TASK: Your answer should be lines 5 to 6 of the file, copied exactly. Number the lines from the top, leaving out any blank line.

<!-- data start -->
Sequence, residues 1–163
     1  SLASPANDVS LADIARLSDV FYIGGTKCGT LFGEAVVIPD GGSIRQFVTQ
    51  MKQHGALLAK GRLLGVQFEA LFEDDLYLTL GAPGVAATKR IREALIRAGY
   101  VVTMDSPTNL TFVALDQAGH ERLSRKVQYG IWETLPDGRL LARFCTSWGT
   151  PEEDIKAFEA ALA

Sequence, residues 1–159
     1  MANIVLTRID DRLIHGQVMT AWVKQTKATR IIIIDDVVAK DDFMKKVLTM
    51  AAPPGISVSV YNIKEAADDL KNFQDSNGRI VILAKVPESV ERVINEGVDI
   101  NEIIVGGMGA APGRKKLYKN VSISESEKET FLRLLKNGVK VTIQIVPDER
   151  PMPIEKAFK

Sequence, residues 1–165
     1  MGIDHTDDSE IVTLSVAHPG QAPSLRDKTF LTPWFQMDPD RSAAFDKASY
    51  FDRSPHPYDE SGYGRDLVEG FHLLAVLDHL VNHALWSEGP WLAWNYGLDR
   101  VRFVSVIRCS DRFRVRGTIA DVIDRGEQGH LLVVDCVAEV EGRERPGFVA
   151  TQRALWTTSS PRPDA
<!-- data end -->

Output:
   151  PEEDIKAFEA ALA

Sequence, residues 1–159